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Boys enter the dance;Music and the Arts

Thanks to a chemistry graduate, around 40 boys from a bleak Bristol estate have taken to dance classes like ducks to water - and their GCSE results are improving. Reva Klein finds out what's going on.

Mention to your average Bristolian that you want to go to Hartcliffe and they'll jokingly ask if you plan to go in an armoured van. Bad memories have a habit of dying hard and the scenes of rioting that erupted on the mean streets of this desolate estate back in 1992 are ensured a permanent place in the city's modern folklore.

Today, Hartcliffe is no less desolate-looking. Long-term unemployment continues, as does car vandalism. But for young people in the area, a kind of renaissance has occurred. Art, music, theatre and dance have entered their lives and, if Vic Ecclestone has anything to do with it, they will stay there for a long time to come.

Ecclestone (below right) is the ebullient, larger-than-life mastermind of the Hartcliffe Boys Dance Company, a six-year-old group that has opened up a new world to about 40 boys, who show up week after week to dance after school. As well as working with a professional choreographer, the lads, aged 11 to 16, have performed to school and public audiences in Bristol, France, Germany and Belgium (at the European Parliament, no less). In the process, their confidence has grown and their exam results have improved.

More recently, Vic Ecclestone, who has been head of special needs at Hartcliffe High School for 17 years, has created an arts charity that is bringing prestigious and innovative British and international companies and individuals to perform for and conduct workshops with some of Bristol's most disadvantaged young people.

Bristol local education authority has given him a two-year sabbatical to set up Multi A (the logo reads Multi Arts Multi Activities Adventurer Artisan Aspirant Anyone All of us Artist Actor...), to work with nearly 30 primary and secondary schools, extending arts and performance activities inside and outside school.

It's a grand and grandiose operation. "Every penny I've got has come from business sponsorship apart from small amounts from the LEA," says Vic Ecclestone, who was Education Extra's Teacher of Distinction in 1995, Disney Teacher of the Year in 1996 and a winner of Bristol and West's National Community Award. Two years ago, a local businessman (who insists on remaining anonymous) asked him if he'd like two years' paid work to extend what he was doing in Hartcliffe to other socially and economically disadvantaged areas of Bristol. Vic Ecclestone jumped at the opportunity, focusing his diverse talents on securing funding from other businesses, including Bristol and West Building Society. Together, this has amounted to a cool pound;100,000-a-year budget for Multi A.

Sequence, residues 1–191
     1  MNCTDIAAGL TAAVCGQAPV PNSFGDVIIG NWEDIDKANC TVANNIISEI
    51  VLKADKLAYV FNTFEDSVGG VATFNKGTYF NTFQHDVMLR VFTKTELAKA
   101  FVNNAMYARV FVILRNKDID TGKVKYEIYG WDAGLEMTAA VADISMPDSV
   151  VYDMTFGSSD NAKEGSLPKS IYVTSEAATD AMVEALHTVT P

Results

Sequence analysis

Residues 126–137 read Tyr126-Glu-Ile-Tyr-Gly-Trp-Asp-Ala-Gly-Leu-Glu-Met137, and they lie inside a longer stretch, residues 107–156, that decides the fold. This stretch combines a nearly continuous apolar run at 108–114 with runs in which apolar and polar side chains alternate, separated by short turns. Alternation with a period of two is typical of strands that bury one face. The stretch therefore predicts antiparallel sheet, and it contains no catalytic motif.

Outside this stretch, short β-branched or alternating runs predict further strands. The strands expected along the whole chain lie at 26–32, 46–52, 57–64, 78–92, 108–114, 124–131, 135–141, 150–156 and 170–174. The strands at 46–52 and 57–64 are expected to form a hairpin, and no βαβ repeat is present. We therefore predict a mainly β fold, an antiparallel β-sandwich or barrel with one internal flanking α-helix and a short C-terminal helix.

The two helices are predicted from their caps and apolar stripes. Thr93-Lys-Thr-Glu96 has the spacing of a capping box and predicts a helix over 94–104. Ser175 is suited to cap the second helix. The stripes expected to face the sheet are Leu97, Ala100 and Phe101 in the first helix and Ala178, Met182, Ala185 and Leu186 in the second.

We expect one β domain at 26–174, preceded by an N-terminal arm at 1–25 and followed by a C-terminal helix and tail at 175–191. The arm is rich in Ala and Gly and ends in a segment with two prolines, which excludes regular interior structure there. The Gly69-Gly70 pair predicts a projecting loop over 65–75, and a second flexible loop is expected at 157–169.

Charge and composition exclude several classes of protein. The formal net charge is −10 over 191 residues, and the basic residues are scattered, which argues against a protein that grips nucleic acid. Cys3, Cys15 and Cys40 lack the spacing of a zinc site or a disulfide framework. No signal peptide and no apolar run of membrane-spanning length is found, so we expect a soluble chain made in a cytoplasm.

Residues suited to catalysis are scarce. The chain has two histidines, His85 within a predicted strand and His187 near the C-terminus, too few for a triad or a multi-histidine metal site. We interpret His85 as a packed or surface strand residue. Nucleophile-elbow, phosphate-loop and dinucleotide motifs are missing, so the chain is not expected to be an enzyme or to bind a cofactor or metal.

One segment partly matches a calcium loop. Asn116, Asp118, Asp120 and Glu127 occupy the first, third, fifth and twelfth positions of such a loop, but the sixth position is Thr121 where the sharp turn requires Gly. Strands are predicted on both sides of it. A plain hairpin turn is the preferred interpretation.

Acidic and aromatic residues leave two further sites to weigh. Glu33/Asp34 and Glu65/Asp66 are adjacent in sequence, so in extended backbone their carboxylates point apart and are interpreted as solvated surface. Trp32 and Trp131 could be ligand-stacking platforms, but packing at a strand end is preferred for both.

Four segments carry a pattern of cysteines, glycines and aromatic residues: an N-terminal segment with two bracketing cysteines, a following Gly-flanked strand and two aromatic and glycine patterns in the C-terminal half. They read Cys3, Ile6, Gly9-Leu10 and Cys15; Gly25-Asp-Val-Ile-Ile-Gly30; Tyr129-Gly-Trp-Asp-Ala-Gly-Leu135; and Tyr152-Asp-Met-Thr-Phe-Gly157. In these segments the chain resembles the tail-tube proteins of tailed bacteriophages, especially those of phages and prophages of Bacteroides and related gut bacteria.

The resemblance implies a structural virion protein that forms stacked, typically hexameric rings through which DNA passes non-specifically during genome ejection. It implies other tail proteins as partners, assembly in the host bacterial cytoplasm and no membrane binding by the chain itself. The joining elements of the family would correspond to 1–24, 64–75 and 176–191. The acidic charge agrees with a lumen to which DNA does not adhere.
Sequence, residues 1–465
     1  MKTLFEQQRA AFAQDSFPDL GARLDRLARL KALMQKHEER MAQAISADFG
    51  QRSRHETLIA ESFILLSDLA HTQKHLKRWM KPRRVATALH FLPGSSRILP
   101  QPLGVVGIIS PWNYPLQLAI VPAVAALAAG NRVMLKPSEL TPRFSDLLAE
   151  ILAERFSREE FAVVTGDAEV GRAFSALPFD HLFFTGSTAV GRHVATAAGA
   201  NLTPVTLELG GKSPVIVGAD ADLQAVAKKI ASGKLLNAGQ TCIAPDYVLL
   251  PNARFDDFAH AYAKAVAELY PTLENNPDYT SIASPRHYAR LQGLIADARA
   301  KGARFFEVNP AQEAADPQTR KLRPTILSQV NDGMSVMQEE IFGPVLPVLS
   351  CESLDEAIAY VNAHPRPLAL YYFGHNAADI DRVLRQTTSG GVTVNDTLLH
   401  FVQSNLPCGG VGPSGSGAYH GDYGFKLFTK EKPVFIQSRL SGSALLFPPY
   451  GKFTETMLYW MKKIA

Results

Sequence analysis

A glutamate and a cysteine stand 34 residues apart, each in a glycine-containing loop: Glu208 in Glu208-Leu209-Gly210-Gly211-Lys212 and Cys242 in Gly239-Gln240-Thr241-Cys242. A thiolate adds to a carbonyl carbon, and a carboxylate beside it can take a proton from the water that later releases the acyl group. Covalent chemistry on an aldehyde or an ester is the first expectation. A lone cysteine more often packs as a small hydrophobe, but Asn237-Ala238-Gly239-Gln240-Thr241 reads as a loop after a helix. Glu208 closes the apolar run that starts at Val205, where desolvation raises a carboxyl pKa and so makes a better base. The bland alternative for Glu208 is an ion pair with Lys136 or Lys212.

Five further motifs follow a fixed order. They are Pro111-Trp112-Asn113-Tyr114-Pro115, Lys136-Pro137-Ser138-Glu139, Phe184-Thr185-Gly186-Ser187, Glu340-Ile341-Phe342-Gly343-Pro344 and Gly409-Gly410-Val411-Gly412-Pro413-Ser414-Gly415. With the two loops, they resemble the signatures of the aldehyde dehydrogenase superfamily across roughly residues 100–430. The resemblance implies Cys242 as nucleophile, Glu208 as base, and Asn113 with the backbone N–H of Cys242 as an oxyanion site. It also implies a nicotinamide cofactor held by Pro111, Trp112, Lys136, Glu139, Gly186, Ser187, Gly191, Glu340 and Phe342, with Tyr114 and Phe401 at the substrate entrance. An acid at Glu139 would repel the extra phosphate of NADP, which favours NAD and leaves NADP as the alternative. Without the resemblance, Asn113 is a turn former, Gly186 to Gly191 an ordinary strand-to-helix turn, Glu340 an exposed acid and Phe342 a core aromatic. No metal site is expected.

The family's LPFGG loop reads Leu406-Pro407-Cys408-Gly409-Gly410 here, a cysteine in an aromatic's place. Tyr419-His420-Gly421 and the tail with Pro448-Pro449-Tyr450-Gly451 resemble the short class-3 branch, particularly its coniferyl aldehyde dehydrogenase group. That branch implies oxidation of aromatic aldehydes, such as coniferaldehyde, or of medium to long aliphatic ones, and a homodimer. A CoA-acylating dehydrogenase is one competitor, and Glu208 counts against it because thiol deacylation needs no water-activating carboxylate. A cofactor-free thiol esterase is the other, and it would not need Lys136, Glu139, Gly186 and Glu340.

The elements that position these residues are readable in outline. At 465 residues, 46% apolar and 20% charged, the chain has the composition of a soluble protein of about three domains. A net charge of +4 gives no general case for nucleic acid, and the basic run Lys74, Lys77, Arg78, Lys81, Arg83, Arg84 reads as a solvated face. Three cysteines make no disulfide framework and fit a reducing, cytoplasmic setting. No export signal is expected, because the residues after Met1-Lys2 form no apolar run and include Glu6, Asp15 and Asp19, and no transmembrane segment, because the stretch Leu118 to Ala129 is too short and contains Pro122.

"Businesses have not only been willing and supportive to us," says Vic Ecclestone, "they've shown that their thinking is ahead of mainstream education's. They understand that the arts and performance are powerful vehicles for delivering important core skills that young people need to succeed in the world of work."

To a large extent, the whole operation is down to Vic Ecclestone's determination, if not out-and-out bloody-mindedness. Although his first degree was in chemistry, he is evangelical about the necessity of arts in education. "We teach the arts because they're about being human. Combined, they develop creative imagination, the ability to think, and they encourage young people to become informed and responsible members of the community. When people have said Hartcliffe children wouldn't like cricket, or dance, or opera, I've started up a cricket club, set up the boys' dance group and I've had the Welsh National Opera in to do Macbeth workshops with them. The response has always been fantastic."

Increased access to the arts may also be helping students, especially boys, to do better in their GCSEs. Hartcliffe's figures for last year show a significantly narrower gap between girls' and boys' results than in previous years, as well as a decline in the number of boys not entering exams.

The lads in the dance group are in no doubt that dancing has helped them grow in all sorts of ways. Says Year 10 pupil David Harris, "I have a lot more confidence standing up and speaking in class and in groups. And when I write, I believe that what I feel is important, because Vic and some of the artists we've worked with listen to us and respect what we're saying."

Multi A can be contacted on 01179 14 7 745


* The English Chamber Orchestra has held a teachers' workshop and has conducted introductory music classes in six schools.

* An artist from New York, Tim Rolins, has worked with Hartcliffe children on an art, literature, film, music and dance project on the theme of Prometheus.

* The English National Ballet has run workshops on "The Nutcracker" with six schools. Money was raised to enable 180 children to see the production in London.

* The Bournemouth Symphony Orchestra has run music workshops in seven junior schools on the theme of dinosaurs.

* Money was raised to take 500 children to London to see the National Theatre's production of "Oh What a Lovely War".

* Members of the Cathedral School Orchestra are to mentor musically talented children identified during the English Chamber Orchestra-Multi A programme.

* Seamus Heaney is giving a lecture and doing poetry workshops in a few schools in March.

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